Recently, an article about exhuming the Leatherman ran on LoHud.com. The interesting thing about this article is that it is from the community where the gravesite is located. The researchers had previously stated that they haven’t heard much local opposition. The comments sure make for some interesting reading. The thing about the Leatherman is that his legend is his identity, as he kept his actual identity to himself for 30 years. And there is still so much to be learned above ground through oral traditions passed down in families as witnessed by comments on the article like these:
“…my grandfather told us…”The Leatherman” patrolled the woods and made sure they were safe and free of vicious animals and people who do other people harm; He said he protected the people of the Hudson Valley and in turn the people protected him.”
“My Grandfather told us that “The Leatherman” was the inspiration for the character “The Tinman” in “The Wonderful Wizard of Oz”, a 1900 book by L. Frank Baum and W.W. Denslow. It makes sense that this is true because Mr. Baum lived in NY and CT during the time of “The Leatherman”.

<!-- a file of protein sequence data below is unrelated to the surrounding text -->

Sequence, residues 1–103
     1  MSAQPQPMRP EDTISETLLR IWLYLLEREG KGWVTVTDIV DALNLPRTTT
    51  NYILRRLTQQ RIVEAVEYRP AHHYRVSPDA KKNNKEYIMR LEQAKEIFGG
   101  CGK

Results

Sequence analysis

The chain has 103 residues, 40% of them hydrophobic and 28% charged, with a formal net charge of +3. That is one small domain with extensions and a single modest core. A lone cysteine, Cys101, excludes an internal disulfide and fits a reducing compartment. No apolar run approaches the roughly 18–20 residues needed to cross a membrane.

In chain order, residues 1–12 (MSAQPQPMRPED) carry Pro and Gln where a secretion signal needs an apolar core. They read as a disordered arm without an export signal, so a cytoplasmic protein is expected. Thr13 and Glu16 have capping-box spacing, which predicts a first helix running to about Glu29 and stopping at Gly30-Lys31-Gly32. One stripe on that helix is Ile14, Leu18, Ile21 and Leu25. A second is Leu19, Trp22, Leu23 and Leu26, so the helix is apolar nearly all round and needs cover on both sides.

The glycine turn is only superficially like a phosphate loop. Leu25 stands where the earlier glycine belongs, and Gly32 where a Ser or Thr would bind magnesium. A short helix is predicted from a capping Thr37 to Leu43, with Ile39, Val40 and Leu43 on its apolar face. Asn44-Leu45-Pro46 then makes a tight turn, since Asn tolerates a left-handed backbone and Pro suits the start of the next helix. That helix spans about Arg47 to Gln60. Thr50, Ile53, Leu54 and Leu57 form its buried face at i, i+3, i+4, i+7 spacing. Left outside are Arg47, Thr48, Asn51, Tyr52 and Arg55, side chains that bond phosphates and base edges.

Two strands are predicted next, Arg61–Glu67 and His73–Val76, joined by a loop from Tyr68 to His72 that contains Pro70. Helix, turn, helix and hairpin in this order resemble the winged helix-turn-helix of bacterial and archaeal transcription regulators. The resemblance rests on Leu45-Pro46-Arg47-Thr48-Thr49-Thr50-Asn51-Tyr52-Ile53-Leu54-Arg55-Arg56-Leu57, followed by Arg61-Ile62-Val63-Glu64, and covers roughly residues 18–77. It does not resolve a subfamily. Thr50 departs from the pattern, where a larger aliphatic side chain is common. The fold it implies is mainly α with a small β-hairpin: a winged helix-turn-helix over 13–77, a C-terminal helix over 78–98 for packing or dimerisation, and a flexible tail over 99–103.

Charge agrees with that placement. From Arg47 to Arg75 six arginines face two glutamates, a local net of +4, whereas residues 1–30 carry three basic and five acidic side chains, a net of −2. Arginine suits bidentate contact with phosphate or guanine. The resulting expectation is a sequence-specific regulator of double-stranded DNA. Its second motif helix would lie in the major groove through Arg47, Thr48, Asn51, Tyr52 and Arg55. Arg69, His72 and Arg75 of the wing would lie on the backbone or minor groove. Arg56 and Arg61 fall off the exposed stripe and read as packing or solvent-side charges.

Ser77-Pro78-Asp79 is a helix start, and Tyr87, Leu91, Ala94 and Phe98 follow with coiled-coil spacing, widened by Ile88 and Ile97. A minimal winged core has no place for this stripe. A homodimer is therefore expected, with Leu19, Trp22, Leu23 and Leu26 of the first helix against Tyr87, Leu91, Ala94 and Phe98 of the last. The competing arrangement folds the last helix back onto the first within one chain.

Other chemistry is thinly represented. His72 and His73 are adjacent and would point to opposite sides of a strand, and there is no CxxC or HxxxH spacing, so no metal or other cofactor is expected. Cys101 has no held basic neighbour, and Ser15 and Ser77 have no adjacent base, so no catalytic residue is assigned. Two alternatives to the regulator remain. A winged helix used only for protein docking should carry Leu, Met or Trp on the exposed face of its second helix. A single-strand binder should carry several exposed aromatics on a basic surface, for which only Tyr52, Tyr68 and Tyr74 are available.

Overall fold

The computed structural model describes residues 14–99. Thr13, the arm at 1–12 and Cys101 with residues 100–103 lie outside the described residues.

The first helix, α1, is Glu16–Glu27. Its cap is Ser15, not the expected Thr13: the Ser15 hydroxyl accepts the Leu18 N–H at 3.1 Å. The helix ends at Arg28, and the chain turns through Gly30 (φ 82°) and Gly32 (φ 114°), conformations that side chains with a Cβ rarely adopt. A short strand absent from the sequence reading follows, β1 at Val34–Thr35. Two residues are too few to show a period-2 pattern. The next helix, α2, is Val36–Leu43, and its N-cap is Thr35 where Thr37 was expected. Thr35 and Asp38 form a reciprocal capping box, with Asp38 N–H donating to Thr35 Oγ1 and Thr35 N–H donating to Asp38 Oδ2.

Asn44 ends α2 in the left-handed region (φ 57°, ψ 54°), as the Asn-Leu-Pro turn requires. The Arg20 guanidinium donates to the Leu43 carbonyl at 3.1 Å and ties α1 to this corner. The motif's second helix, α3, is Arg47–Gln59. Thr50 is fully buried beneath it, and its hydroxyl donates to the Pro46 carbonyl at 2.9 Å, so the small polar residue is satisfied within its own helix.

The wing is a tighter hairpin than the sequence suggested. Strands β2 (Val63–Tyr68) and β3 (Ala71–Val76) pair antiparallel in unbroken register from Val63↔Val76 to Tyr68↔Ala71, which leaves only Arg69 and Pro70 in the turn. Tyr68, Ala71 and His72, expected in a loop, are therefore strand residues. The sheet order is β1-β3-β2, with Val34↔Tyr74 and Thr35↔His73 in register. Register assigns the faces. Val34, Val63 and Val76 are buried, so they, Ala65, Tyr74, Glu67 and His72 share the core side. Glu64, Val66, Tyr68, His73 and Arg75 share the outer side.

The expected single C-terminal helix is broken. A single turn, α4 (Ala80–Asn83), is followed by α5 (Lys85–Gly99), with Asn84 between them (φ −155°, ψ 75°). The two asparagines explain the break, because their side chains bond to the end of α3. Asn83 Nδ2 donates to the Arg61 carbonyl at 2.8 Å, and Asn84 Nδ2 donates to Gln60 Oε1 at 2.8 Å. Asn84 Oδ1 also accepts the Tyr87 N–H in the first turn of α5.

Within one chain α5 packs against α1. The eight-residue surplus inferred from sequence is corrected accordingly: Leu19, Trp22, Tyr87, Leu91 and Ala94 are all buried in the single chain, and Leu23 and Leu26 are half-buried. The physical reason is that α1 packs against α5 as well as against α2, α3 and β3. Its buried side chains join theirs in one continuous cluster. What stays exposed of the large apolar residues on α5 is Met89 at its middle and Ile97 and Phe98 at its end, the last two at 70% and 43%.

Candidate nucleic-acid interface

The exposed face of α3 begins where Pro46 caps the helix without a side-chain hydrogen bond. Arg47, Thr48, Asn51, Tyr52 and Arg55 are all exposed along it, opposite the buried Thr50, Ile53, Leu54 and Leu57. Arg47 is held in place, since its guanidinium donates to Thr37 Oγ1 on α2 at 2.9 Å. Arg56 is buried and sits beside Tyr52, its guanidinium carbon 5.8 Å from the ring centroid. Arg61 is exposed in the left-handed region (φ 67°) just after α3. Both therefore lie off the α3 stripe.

Over the last 10 years I’ve read everything I could find about him, and had never come across that “Tin Man” story. True or not, once again, from beyond the grave, he has given us a gift that will further the folklore, and keep his legend alive. Artists such as Eddie Vedder, Jeanne C. Finley, John Muse, Susan McCaslin, Jonathan Kruk, Catoctin, and maybe even L. Frank Baum have been inspired by him, and in my opinion the world is a better place for it. I believe gifts are always better when they are freely given, so we should not be going in and taking anatomical gifts from him to further our empirical knowledge of this private man. Like his contemporaries, we should respectfully accept what he gave us in life, and map his footprints, not his DNA!